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Danby eyes new $100-million shared headquarters in Puslinch

Would be a shared HQ with Upper Canada Forest Group, but needs approval for rezoning 55 acres of what is currently farmland
Jim Estill
Jim Estill. File photo

PUSLINCH – Danby’s CEO is looking to establish a global headquarters alongside another Canadian company in Puslinch. 

Jim Estill told Puslinch council Wednesday of a proposal to consolidate Danby’s locations in Guelph into a single hub on 60 acres of land beside the Hanlon Expressway and Concession 4 in a rural part of the township. 

This would also bring in Upper Canada Forest Group, a distributor of specialty wood products, who would also relocate to Puslinch, with shared amenities between the two companies including boardrooms, conference rooms, classrooms, a gym and a daycare. 

Estill further explained the space would be larger than the two companies need and therefore envisioned a coworking space for some manufacturing as well as an incubator for food and agricultural technology companies which he said need more physical space than other tech businesses. 

“We would be building a net-zero building, it would be world class and tie Puslinch to the innovation corridor,” Estill said, referencing the proximity the headquarters would have to the 401.

This $100-million development would house somewhere in the realm of 600 jobs, with Estill clarifying about 350 are existing jobs. 

They’re looking to get this done quickly as those behind this project are seeking a Community Infrastructure and Housing Accelerator (CIHA) order from the province — which is similar to a Minister’s Zoning Order — to rezone the property in a more timely manner. 

The land is located outside the Greenbelt but most of it is zoned secondary agriculture. 

Estill explained only the municipality can apply for a CIHA but he wanted to help the township in any way possible.

When asked by mayor James Seeley why they don’t do an Official Plan Amendment, Estill said it was a matter of speed and timing but also noted they were advised by the province to go this route and there is no other suitable land in the township. 

Seeley wasn’t convinced this would be faster.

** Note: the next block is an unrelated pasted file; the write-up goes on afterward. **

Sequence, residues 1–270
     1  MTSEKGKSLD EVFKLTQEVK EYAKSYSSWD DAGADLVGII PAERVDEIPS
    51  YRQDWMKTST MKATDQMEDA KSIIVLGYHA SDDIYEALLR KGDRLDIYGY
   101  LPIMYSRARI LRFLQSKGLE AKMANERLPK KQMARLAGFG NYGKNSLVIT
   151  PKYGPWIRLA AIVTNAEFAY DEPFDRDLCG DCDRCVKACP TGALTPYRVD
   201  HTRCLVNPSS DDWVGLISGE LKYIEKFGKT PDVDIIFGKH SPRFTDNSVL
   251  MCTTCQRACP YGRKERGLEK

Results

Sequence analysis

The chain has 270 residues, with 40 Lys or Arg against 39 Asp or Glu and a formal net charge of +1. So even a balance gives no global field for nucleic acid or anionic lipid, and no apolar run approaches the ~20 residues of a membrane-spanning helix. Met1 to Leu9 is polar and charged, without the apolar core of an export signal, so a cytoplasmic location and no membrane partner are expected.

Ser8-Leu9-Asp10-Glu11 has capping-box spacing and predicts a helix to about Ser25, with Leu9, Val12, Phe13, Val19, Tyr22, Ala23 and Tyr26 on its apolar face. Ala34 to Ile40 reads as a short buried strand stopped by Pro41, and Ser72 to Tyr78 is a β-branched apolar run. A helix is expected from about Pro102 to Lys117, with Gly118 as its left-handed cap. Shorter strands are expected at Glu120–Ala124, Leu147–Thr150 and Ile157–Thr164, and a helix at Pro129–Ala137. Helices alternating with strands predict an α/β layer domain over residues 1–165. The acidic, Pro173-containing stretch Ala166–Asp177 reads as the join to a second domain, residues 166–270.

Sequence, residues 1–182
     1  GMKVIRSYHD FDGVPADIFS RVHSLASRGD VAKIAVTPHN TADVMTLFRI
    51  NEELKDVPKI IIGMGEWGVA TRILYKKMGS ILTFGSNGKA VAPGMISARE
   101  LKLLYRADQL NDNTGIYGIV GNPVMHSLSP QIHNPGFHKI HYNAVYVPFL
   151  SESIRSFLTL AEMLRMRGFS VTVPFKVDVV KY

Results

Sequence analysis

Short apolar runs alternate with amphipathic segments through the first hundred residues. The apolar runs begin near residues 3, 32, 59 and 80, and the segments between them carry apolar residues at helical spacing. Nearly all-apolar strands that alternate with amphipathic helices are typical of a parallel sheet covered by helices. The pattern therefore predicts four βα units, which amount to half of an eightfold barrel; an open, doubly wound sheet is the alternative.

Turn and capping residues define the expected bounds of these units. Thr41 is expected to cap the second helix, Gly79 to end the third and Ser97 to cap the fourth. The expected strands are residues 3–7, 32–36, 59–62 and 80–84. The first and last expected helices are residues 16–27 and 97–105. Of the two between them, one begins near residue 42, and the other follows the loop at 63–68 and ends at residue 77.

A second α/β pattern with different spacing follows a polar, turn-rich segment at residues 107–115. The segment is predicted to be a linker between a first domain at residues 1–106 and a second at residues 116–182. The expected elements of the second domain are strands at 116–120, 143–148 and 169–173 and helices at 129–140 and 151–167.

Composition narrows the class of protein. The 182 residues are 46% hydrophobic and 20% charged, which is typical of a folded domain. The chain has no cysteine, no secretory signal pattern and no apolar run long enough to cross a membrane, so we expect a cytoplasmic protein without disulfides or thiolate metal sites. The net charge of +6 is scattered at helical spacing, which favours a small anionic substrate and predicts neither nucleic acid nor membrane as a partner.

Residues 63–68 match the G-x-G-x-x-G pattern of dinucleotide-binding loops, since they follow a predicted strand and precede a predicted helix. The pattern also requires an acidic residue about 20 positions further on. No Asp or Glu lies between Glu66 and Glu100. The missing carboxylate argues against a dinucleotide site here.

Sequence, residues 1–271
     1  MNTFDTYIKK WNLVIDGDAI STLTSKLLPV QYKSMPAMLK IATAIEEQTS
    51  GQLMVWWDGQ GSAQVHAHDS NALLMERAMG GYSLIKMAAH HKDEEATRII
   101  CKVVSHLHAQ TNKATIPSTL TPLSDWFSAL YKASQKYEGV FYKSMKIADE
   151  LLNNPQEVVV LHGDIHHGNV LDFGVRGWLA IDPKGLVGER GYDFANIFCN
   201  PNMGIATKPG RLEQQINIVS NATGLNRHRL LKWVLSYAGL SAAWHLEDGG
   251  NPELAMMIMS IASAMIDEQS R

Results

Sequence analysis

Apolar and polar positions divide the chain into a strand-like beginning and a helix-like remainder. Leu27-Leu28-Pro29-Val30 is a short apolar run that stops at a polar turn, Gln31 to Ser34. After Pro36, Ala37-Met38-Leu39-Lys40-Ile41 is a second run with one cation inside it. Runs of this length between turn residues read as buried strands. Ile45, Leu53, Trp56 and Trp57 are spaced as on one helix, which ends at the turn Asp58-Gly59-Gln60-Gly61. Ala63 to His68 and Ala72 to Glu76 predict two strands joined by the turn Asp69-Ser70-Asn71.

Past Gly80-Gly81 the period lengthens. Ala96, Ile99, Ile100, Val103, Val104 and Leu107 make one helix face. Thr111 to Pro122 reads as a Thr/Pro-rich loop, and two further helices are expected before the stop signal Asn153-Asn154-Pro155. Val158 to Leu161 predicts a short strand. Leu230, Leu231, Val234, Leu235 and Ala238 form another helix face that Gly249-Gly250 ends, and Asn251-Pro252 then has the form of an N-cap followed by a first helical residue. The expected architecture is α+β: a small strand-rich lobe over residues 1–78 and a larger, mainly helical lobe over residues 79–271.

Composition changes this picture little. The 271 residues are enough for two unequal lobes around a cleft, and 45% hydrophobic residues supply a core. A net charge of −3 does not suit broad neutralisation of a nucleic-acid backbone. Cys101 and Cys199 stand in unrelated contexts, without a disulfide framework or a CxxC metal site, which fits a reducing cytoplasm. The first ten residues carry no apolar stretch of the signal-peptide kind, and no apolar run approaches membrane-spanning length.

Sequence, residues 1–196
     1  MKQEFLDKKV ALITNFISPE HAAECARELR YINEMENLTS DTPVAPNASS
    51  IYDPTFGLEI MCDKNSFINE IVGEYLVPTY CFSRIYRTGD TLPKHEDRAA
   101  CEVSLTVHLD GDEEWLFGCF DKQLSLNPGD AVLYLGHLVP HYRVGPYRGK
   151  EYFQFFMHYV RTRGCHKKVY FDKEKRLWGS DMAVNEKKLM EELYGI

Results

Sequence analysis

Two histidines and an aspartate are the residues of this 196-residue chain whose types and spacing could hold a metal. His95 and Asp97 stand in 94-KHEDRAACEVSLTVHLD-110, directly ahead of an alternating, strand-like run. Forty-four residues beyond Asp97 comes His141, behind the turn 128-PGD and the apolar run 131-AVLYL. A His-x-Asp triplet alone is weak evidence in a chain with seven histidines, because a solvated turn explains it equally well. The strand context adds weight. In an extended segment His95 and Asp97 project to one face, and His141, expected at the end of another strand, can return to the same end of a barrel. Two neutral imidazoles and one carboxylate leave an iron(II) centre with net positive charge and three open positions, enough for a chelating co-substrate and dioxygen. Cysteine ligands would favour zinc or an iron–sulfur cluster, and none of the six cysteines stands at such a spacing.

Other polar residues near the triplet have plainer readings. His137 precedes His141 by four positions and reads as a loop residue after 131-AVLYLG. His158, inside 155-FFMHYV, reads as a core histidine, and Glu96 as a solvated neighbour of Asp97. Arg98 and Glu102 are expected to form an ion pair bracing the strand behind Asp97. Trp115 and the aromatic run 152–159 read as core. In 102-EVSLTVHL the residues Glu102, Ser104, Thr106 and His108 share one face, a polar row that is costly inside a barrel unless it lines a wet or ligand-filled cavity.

“I feel that council would need everything spelled out quite clearly with very little unknowns before they would support you,” Seeley said. 

The mayor referenced some potential issues brought up by other councillors like truck traffic in the area, the cost of bringing services to the area and public consultation. 

In terms of truck traffic, Estill said the business is not as truck heavy as one would think and most traffic would be on the Hanlon. 

Public consultation would be a next step with Estill warning council there will be some NIMBYism but stressed the benefits will far outweigh any opposition. 

Coun. Russell Hurst showed a lot of enthusiasm for the project despite some questions around planning matters. 

“I think any time the region can attract new business, growth and jobs is a good thing,” Hurst said, adding he’ll leave it to staff to guide council through the next steps of the project. 

Council accepted the presentation as information and approved a recommendation for a staff report on CIHA orders, send notice to nearby property owners providing relevant information on the proposal and to schedule a public information meeting in early-2023. 


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Keegan Kozolanka

About the Author: Keegan Kozolanka

Keegan Kozolanka is a general assignment reporter for EloraFergusToday, covering Wellington County. Keegan has been working with Village Media for more than two years and helped launch EloraFergusToday in 2021.
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